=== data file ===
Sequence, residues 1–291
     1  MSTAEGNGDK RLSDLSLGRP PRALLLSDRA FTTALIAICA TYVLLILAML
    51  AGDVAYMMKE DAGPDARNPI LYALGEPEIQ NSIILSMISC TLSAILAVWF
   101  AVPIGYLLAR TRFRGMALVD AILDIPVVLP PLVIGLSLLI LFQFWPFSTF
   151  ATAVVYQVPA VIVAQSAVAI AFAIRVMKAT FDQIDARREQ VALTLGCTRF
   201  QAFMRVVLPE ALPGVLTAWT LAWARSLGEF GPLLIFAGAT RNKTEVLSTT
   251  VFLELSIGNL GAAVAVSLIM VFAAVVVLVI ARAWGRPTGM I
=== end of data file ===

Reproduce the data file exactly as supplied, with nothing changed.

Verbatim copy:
Sequence, residues 1–291
     1  MSTAEGNGDK RLSDLSLGRP PRALLLSDRA FTTALIAICA TYVLLILAML
    51  AGDVAYMMKE DAGPDARNPI LYALGEPEIQ NSIILSMISC TLSAILAVWF
   101  AVPIGYLLAR TRFRGMALVD AILDIPVVLP PLVIGLSLLI LFQFWPFSTF
   151  ATAVVYQVPA VIVAQSAVAI AFAIRVMKAT FDQIDARREQ VALTLGCTRF
   201  QAFMRVVLPE ALPGVLTAWT LAWARSLGEF GPLLIFAGAT RNKTEVLSTT
   251  VFLELSIGNL GAAVAVSLIM VFAAVVVLVI ARAWGRPTGM I